I live in a completely different milieu (Australia), where halfway houses are rare, simply because they're rarely needed. There's no doubt that aftercare is needed for released prisoners and folk discharged from other institutions. We regard this as the responsibility of their families and the communities from which they came. The slack is picked up mostly by faith-based organisations. The Society of Saint Vincent de Paul, The Brotherhood of Saint Lawrence, and the Brown Sisters are the main players in this field. But most folk agree that congregating ex-offenders (even a few) in a single location is a REALLY BAD IDEA. Housing is found, and drop-in services are provided to people where they live.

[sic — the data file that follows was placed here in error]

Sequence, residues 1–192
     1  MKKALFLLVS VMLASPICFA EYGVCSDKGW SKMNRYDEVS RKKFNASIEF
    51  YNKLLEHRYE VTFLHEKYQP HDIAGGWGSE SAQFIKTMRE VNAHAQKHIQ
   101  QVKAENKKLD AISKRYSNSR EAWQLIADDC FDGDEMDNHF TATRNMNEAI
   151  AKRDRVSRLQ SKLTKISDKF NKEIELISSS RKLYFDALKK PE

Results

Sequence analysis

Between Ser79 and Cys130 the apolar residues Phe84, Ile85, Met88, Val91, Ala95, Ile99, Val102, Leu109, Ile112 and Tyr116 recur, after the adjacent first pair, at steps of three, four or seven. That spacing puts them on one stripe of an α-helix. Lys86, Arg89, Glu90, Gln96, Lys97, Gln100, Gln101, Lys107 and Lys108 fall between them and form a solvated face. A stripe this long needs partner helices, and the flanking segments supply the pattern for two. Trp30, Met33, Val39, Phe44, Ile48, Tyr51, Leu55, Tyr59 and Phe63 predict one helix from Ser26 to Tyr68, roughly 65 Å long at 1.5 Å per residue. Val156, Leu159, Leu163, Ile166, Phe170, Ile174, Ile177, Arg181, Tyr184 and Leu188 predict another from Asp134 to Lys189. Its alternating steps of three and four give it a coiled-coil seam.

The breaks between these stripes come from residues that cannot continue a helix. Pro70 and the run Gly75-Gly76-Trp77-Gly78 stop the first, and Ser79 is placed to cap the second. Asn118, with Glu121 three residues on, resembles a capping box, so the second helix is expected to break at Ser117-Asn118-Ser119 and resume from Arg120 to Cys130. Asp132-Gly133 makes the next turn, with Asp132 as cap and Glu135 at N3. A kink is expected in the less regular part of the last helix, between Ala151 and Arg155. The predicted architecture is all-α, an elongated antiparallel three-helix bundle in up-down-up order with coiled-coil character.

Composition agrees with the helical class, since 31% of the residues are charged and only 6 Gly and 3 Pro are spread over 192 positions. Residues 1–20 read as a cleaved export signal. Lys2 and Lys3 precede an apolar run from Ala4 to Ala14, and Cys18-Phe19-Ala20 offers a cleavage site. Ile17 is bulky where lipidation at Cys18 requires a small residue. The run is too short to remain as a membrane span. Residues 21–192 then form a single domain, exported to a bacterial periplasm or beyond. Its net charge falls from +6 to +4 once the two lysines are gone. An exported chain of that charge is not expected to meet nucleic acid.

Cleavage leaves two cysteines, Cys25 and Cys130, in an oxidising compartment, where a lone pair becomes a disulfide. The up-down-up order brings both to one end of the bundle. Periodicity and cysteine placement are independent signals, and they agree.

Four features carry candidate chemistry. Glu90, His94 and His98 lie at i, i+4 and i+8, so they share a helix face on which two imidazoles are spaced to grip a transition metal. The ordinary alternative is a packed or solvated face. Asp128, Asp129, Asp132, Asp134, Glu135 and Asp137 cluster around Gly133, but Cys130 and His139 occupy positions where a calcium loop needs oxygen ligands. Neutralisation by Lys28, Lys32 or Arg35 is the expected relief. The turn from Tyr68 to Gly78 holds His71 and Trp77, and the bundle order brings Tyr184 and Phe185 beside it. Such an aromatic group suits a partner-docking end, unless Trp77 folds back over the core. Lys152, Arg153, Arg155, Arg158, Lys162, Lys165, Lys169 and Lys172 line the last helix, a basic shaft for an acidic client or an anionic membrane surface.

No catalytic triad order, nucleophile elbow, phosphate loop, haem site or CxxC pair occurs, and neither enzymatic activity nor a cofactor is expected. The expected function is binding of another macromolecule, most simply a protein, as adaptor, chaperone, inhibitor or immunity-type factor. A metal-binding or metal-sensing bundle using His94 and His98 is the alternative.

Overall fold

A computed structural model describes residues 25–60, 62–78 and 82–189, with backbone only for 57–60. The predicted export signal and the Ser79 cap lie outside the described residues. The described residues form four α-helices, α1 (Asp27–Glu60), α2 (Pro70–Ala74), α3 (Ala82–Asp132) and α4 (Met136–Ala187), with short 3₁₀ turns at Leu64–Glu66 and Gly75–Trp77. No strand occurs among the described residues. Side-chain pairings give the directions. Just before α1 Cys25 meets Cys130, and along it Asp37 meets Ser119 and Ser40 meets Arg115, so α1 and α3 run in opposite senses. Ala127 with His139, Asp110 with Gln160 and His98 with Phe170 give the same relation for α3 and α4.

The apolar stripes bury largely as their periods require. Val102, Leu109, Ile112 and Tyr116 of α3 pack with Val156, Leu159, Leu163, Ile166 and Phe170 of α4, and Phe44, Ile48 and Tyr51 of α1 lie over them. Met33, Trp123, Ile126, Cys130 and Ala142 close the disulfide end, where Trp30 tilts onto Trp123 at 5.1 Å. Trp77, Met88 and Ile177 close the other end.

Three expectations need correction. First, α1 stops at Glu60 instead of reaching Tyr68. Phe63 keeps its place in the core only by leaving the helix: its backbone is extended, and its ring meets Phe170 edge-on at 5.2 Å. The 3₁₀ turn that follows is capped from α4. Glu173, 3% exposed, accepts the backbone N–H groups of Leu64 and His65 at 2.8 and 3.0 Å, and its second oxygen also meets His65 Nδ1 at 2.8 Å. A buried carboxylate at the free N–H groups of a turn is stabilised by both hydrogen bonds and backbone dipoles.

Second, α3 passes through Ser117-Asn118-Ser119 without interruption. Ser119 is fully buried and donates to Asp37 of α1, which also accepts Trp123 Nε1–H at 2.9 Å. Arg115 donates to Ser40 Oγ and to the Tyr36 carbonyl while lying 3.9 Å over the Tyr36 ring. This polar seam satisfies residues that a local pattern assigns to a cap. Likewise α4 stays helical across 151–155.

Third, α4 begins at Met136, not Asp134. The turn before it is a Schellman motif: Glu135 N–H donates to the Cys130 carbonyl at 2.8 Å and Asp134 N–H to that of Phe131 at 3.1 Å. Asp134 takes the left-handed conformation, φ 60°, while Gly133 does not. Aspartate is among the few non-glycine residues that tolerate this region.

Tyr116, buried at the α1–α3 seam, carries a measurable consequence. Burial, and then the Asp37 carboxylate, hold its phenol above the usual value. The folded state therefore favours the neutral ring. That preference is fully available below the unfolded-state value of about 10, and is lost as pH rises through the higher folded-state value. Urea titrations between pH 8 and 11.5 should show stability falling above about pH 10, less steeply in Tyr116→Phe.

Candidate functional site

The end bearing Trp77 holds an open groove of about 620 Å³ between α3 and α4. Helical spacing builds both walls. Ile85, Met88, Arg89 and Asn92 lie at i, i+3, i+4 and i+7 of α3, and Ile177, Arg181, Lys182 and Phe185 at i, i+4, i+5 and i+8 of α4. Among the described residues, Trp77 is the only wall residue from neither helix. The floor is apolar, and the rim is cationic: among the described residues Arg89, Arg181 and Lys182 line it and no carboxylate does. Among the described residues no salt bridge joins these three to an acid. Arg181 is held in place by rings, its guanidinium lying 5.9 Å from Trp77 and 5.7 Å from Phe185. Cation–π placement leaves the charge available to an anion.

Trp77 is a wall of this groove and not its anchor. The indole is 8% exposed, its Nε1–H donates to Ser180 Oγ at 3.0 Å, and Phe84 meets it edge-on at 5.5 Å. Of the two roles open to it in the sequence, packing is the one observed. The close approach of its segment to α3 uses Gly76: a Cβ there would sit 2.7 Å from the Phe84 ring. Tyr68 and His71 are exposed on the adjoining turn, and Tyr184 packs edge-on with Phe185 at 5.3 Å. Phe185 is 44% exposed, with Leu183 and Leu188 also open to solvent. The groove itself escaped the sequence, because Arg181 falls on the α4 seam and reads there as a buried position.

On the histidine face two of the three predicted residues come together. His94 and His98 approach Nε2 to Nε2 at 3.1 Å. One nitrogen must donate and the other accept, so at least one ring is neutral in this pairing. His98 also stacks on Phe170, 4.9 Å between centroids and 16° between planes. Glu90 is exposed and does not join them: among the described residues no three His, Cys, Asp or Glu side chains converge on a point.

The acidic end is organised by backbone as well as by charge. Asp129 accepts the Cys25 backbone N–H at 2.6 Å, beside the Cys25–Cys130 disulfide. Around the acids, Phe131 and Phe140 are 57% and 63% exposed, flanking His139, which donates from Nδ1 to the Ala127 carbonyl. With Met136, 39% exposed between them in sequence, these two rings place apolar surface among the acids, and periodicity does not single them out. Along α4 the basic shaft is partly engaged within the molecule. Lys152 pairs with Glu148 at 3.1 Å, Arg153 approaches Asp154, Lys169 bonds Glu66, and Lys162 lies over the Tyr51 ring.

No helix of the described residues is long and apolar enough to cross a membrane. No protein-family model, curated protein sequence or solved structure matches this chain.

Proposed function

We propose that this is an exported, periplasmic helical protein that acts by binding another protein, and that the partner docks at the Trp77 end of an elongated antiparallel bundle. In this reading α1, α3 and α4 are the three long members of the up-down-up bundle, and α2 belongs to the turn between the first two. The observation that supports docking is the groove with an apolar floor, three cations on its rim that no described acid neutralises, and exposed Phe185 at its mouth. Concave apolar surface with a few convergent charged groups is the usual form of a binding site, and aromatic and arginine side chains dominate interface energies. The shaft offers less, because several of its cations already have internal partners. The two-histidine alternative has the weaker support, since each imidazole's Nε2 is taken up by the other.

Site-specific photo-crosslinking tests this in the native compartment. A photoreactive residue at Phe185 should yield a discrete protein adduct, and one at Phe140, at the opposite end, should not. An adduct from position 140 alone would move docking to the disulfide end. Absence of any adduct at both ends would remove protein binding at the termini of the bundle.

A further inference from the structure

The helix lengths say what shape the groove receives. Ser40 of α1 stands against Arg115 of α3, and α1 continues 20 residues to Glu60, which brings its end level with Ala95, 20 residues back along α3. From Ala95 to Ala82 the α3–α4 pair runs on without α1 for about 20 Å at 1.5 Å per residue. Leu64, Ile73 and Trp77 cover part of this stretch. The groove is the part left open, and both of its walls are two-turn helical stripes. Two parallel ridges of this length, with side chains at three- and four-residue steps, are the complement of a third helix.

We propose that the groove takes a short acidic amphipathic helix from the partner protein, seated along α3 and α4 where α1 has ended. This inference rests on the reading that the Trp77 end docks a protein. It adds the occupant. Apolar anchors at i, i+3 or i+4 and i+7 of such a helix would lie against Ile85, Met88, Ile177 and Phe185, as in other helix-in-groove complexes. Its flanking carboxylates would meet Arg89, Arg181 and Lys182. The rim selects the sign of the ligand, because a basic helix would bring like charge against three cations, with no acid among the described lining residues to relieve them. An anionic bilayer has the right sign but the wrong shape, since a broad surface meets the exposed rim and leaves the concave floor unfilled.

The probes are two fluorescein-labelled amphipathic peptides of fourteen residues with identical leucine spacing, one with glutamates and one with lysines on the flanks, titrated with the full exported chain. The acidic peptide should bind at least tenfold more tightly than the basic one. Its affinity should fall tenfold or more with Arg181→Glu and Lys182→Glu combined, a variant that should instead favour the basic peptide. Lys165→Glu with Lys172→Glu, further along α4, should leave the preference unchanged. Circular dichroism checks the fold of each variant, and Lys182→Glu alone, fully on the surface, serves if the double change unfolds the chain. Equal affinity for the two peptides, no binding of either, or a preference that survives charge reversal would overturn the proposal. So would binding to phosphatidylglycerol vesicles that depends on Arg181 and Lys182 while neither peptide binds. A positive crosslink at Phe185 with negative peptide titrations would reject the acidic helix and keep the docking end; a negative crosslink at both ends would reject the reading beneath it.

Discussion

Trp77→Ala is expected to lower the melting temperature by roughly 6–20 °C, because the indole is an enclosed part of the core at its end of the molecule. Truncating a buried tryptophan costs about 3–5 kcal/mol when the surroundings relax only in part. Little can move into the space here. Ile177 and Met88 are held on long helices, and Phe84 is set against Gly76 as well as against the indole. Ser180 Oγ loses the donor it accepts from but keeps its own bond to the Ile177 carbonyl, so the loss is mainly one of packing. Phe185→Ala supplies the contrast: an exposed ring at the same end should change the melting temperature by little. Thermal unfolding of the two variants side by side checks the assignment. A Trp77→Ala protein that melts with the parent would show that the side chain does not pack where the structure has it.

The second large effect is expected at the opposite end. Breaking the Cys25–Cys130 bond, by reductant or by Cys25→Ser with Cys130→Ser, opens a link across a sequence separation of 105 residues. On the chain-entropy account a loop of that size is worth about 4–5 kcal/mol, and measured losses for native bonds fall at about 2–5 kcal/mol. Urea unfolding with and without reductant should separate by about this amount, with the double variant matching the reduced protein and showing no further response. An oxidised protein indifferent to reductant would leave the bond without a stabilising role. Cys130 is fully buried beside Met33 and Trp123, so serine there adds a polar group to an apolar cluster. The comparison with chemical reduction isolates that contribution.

Our system works well, mostly because the majority of parole/probation officers are unpaid volunteers, usually nominatated by their Church, and so are not driven by arbitrary performance indicators.

But to deal with the nub of the question - would I want a halfway house in my neighbourhood? Yes! I live in a gentrified middle-class area, and I feel ex-offenders give colour to the neighbourhood, and a pool of folk more likely to volunteer for community causes.